More FAQs After an Accident
Nothing can truly prepare a person for the aftermath of a serious injury accident. The physical pain, logistical inconvenience and mounting financial costs of events of this nature rapidly take a real toll not just on the victim, but usually their entire family as well. Making matters worse is the fact that most Coloradans have minimal familiarity with how the process of pursuing compensation from a negligent party actually works. Denver car accident attorney, Jeremy Rosenthal, understands the numerous questions that inevitably arise following an accidental injury and has endeavored below to provide the answers necessary for injury victims to make informed decisions about their future.
Accidents and Their Immediate Aftermath
Q: What should I do right after an accident occurs?
A: There are several critical steps to take following an accident which can have a substantial impact on your ultimate ability to secure compensation, including:
- calling law enforcement to the scene
- check into the condition of all involved
- if possible, take photographs of the accident scene and resulting damage
- make notes of weather, road and other conditions present at the time of the event
- speak to and record the recollections of available eyewitnesses
- refuse to make verbal admissions of responsibility or guilt
Q: What needs to be done next?
A: It is of utmost importance that you receive any and all necessary medical treatment following your accident event. Do not assume that a seemingly minor injury can be handled without professional care, as some injuries are known for their delayed onset of symptoms. Heed all physician instructions regarding follow-up testing, prescription medications and treatment regimens.
Q: Are there specific types of records I should be collecting?
A: In order to establish a strong claim for compensation, it will be necessary to have access to a wide range of documentation, including medical records, diagnostic reports, hospital bills, wage and hour information and the like.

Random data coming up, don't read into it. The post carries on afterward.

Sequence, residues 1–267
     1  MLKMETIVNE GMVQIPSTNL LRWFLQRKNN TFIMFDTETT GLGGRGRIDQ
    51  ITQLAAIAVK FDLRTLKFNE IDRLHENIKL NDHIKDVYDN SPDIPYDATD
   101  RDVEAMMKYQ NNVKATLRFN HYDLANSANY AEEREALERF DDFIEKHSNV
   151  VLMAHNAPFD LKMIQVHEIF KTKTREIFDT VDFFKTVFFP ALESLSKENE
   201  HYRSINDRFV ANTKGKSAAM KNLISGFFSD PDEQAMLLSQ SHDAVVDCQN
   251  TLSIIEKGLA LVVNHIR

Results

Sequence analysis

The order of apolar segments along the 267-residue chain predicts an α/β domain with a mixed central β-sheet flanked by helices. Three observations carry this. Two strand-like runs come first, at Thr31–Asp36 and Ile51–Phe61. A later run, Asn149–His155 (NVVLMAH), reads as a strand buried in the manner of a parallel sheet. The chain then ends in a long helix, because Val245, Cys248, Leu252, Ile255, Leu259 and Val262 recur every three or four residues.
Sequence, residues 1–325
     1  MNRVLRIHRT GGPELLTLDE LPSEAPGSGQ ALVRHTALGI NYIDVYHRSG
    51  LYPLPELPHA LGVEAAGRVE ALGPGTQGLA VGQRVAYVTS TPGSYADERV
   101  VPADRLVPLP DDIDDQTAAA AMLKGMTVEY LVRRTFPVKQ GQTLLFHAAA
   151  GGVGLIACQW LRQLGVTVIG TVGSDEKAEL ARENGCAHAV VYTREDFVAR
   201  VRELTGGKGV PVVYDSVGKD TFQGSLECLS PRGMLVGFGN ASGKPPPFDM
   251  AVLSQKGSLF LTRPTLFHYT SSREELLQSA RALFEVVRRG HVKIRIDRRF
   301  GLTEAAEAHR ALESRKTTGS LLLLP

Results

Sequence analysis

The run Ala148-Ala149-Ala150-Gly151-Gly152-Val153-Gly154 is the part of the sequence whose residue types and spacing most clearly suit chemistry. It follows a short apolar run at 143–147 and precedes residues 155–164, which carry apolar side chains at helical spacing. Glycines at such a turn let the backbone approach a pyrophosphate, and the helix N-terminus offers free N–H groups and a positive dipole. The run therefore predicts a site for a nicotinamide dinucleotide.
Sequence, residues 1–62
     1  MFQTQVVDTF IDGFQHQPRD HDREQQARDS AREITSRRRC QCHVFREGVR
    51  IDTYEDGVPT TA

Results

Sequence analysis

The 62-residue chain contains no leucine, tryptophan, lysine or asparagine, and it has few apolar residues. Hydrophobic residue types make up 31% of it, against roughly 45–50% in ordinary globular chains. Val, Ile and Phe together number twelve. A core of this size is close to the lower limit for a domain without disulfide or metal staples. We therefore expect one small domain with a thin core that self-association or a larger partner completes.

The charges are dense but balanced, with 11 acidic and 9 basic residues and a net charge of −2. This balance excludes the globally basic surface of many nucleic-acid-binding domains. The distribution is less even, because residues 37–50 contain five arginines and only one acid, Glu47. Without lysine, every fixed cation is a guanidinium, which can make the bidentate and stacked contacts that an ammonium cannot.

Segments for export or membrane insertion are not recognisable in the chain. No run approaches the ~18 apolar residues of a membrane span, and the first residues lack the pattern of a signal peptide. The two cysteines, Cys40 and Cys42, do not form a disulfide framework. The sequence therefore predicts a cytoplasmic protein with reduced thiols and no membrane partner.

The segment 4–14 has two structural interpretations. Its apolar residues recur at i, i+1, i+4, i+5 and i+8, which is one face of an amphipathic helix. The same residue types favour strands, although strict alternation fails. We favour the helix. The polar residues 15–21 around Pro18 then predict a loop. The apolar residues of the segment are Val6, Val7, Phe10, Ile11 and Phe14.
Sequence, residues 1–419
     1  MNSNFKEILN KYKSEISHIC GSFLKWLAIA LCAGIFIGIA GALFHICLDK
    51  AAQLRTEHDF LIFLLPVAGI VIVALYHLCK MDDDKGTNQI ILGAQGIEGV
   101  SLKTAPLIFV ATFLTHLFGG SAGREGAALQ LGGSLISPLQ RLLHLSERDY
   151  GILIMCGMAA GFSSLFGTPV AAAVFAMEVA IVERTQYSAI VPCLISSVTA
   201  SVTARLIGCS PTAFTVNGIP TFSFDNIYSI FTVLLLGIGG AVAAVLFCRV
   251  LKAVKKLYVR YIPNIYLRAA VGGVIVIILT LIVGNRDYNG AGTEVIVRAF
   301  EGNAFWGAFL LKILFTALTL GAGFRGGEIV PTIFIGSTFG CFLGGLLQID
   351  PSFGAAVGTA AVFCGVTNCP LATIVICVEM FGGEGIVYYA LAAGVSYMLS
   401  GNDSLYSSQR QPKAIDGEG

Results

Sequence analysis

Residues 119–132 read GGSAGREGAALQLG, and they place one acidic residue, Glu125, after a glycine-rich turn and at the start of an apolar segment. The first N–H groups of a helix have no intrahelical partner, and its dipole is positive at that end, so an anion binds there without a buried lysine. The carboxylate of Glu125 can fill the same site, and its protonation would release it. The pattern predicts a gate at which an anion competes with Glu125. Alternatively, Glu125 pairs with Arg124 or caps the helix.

Pursuing a Claim for Damages in Colorado
Q: Should I hire an attorney, even if I expect to receive an insurance settlement?
A: Generally speaking, most injury claims are settled without the need for a trial. However, that is not to say that the process is always straightforward or easy. When an at-fault party’s insurance company makes contact with you, always remember that their job is to do whatever they can to minimize or deny portions of your claim. By enlisting the aid of a seasoned injury lawyer, you stand a much better chance of sidestepping typical traps and preserving your ability to receive fair compensation.
Q: Will I be able to afford an attorney?
A: Accident victims must never allow financial concerns to prevent them from seeking skilled legal representation in their injury claim. The fact is that most personal injury lawyers accept cases on a contingency basis. This simply means that no fees are ever due up front, and payment will only be due in the event that the attorney secures a damage settlement or award on your behalf.
Q: For what types of losses might I receive compensation?
A: When another party’s negligence produces injuries and other categories of loss, victims may be entitled to receive substantial compensation which may include monetary payment for:
- past, present and ongoing medical expenses
- vehicle or other property damage
- physical pain and suffering
- emotional stress and strain
- aggravation of existing medical conditions
- lost wages and/or reduction in earning potential
- loss of marital and other relationships
- financial support for surviving dependents in cases of fatality
Q: What if I was partially at fault in the accident event?
A: Colorado’s prevailing comparative fault doctrine requires that an assessment be made regarding fault, and when an injury victim is deemed partially responsible, his or her potential recovery will be reduced by that percentage. If the injured person’s fault is determined to be more than 50%, no recovery is available.
Colorado Auto Insurance Basics
Q: What are Colorado’s minimum auto insurance requirements?
A: All vehicle owners in Colorado are required to purchase auto insurance, and the minimum coverage requirements include bodily insurance of no less than $25,000 per person or $50,000 per accident event and $15,000 per accident for property damage. Carriers must also offer uninsured/underinsured motorist coverage, though consumers have the ability to waive this type of coverage in writing.
Q: Is Colorado considered a no-fault state?
A: It is not. In 2003, the state transitioned from a no-fault system to a tort-based system. The result of this shift was that the insurance carrier of an at-fault driver would now bear responsibility for compensating victims for losses sustained. This stands in contrast to no-fault systems in which injury victims look to their own insurance coverage for payment of claims.